we will need fungible assets like
XMR to power the smart contracts of the future
if we want to retain our privacy from all///
thereum's moon math is showing signs of coming back to earth.
Such was the feeling at EthCC, an ethereum developer conference in Paris, Thursday, where a dedicated privacy track struck a somber note compared to years past.
Indeed, despite a software upgrade in October that saw improvements built to pave the way for confidentiality, such methods have been shown to exceed ethereum's processing capacity, with the computationally intense cryptography all but bringing the blockchain to its limits.
So, while developers like Andrew Miller had predicted a rise in privacy-centric ethereum applications just months ago, the conference showcased how an almost eerie silence has followed as scaling and security obstacles have proven more difficult to solve than foreseen.
As evidence, ZoKrates, a programming language aimed to equip average developers with the ability to code private contracts, has struggled to find its way out of the setup phase.
Speaking in a presentation today, the code's creator, Jacob Eberhardt, said that ethereum will need to add more cryptographic variables in a system-wide software upgrade for the concept to work. Still, Eberhardt also bemoaned that, given the controversy that can follow such a suggestion, it's perhaps not one that will be adopted quite so easily.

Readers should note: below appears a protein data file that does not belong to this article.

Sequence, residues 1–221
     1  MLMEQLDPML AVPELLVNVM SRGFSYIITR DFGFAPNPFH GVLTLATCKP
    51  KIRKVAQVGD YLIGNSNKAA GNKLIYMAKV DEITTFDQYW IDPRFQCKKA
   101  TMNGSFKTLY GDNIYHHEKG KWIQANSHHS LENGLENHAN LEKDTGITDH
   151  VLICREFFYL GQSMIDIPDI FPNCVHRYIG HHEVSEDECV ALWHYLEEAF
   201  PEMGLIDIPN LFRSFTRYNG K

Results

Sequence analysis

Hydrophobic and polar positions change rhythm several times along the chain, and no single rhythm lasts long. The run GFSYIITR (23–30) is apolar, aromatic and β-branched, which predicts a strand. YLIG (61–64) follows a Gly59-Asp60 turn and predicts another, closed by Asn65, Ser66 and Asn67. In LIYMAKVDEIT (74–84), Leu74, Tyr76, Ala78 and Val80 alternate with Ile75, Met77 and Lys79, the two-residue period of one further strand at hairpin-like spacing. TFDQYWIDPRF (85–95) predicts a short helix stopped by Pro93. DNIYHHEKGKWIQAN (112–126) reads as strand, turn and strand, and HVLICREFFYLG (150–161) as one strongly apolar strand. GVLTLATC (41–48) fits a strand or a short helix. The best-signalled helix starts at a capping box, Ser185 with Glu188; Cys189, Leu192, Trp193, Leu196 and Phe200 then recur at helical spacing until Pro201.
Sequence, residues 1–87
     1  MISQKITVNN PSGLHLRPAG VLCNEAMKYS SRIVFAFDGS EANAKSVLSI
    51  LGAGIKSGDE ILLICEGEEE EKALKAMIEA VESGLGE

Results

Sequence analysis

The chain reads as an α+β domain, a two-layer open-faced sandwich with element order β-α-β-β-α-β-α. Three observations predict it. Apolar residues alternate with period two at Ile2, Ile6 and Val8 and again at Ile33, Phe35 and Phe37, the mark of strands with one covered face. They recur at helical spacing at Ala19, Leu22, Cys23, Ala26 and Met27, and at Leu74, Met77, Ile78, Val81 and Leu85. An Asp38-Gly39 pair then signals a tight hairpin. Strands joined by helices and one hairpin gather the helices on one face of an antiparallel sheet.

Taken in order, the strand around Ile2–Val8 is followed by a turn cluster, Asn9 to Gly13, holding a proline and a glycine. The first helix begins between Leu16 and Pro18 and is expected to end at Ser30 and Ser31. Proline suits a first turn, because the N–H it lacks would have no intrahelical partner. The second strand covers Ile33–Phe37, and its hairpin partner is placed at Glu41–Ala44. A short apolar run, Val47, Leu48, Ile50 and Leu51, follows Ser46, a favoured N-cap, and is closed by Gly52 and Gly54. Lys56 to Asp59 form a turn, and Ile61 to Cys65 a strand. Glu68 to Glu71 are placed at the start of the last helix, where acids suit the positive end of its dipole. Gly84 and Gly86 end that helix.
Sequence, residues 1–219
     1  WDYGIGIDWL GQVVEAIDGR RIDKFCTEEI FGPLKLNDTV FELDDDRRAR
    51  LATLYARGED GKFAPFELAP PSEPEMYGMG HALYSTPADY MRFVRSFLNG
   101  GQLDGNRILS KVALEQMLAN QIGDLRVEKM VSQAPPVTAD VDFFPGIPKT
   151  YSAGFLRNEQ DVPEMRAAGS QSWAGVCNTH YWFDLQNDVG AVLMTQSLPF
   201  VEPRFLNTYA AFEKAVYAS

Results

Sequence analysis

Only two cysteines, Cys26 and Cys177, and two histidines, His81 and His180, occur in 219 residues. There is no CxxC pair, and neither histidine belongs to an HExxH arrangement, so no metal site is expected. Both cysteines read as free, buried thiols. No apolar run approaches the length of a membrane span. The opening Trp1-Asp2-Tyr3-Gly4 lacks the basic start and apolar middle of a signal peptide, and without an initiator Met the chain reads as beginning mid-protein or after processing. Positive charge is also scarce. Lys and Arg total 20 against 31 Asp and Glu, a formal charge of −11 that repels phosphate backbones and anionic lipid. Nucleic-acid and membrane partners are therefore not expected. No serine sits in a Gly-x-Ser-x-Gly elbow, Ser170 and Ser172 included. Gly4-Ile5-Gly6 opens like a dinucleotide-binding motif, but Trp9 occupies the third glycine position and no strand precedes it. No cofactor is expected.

"We don't want to keep adding new crypto," Eberhardt said.
Matthew Ferrante, developer at the Ethereum Foundation and founder of smart contract company ZK Labs, echoed this cautionary tone. In a discussion on the relationship and trade-offs between privacy and scalability on ethereum , Ferrante went so far as to warn the audience.
"If you think ethereum isn't scalable now, or that blockchains aren't scalable now, the further you get the more alarming it is. Everyone likes to talk about the magic, but not many people can write the code," he said.
The statement is notable considering the urgency of the ideas at stake.
In particular, zero-knowledge proofs, due to their ability to compress information in a concise format, could eventually work to reduce information on the ethereum blockchain, thus enabling better scaling.
According to Ferrante, such achievements are still possible, they're just a little further down the line.
He told the audience:
"Progress is slow but that doesn't mean it's not possible."
Waiting for privacy
As an example, Ferrante pointed to blockchain voting to illustrate the problems faced today.
"A vote of a thousand people would require a thousand signatures each a thousand bytes each. You would never be able to check a single signature due to the block gas limit," Ferrante said.
Such a use case is the core emphasis of Ferrante's research, which seeks to anonymize proofs through the use of ring signatures - a way of obscuring information in a retrievable way that works by aggregating the data within a group.
Ferrante has found that by using bi-linear pairings, a form of elliptic curve that is active within the ethereum virtual machine, various shortcuts in the complex cryptography can be made to minimize the scalability trade-off.
However, while his prototype has a working implementation, Ferrante told the audience, "It's just ridiculous, it's way too inefficient, if people started using that as a main service the chain would go down again."
And that wasn't the only sobering note struck at the conference today.
Currently, in order to generate a ZoKrates contract, each individual needs to enact the setup phase themselves, a fact that is perhaps slowing the adoption of zero-knowledge cryptography into businesses built on the ethereum platform.
In the generation of a zk-snark, information is produced that could allow the holder of the information to falsely manufacture transactions, providing the data generated by the zk